see this question for a introduction to
git svn branch and that question for how to delete remote branches - or below for a complete summary of the basics of
git svn (including the information from the two questions mentioned).
To give you a more complete tutorial (the complete setup to cover local and remote branches, commiting, merging local branches - see below the horizontal line for just the branch setup), here's how to work easily with a svn repo:
- Initialize your local git repo with
git svn clone <url>, either with paramter
-s (stdlayout) or with the parameters
--trunk, --tags, --branches to specify the directory of the trunk, tags and branches inside the svn dir.
-s means, the svn repo has a directory layout like this
If not, you can specify the location of the trunk, branches and tags with the arguments provided above.
When you clone the repo, you will automatically land in a local branch called master, which will automatically track the trunk.
In this, you do your commits just like you would not know you cloned the repo with
git svn, except you do not push commits:
git commit to do commits to your branch
git branch <branch name> to create local branches
git merge <branch name> to merge changes from local branches
You do not need to worry about you are in a
git svn-repo, until you want to push your changes.
From the setup above, we have the local branch master which is tracking trunk. So after doing commits inside the local master-branch, they can be pushed to the trunk with the following command:
git svn dcommit (inside your local branch master)
(Note the d in
To test where you commits would go, do
Now comes the interesting part: create branches on your side that are tracked. Really simple reading the question above, I'll just copy and paste the example:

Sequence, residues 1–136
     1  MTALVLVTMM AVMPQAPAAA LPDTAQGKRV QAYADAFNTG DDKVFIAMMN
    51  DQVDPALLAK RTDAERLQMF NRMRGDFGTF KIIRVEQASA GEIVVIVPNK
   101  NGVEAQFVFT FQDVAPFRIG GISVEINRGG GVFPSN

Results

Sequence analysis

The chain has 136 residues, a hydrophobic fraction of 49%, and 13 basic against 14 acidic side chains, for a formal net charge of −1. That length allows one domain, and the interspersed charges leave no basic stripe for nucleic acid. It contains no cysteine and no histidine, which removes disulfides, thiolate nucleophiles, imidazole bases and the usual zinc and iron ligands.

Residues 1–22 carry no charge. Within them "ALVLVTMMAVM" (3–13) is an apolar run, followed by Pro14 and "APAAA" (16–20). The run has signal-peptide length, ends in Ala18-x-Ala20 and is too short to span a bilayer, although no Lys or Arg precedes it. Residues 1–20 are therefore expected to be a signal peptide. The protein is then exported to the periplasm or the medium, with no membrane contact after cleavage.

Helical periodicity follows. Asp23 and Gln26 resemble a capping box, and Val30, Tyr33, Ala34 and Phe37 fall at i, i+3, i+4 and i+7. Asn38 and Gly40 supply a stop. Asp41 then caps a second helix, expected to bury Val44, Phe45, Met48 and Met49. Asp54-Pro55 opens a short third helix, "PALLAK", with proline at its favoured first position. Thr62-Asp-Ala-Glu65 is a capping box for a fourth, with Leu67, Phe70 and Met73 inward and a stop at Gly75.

git svn branch -n -m "Branch for authentication bug" auth_bug
Note that this example has the
-n flag which only does a dry run. Remove that flag to do it for real. The command creates the branch auth_bug on the svn repo in the branches-directory you set up above, and
git checkout -b auth_bug auth_bug
creates a local branch auth_bug (first param) and lets it follow the remote branch auth_bug (second param), which is mapped to the dir
/branches/auth_bug on the svn repo. The remote branch auth_bug exists, because you created it with the
git svn branch-command (and could be any other branch already existing).
Inside this local branch auth_bug, all your commits will be pushed to the svn repo in the branches dir
/branches/auth_bug when doing
git svn dcommit (test it by appending
-n to the command.)
To delete a branch (I've not done it before), it looks like
git svn does not handle this for you, so according to another question, you have to to the following directly using the
svn rm $URL/branches/the_branch
This deletes the branch from the remote svn repo, and then you have to remove it from your local git repo, depending on it was a branch (like in the command above) or a tag:
git branch -D -r the_branch
rm -rf .git/svn/the_branch
git branch -D -r tags/the_tag
rm -rf .git/svn/tags/the_tag
To update your branch with changes from the upstream svn branch ("pull"), you can rebase your branch on top of the change with:
This fetches new commits in svn, rebases your branch and plays back your local commits (if any).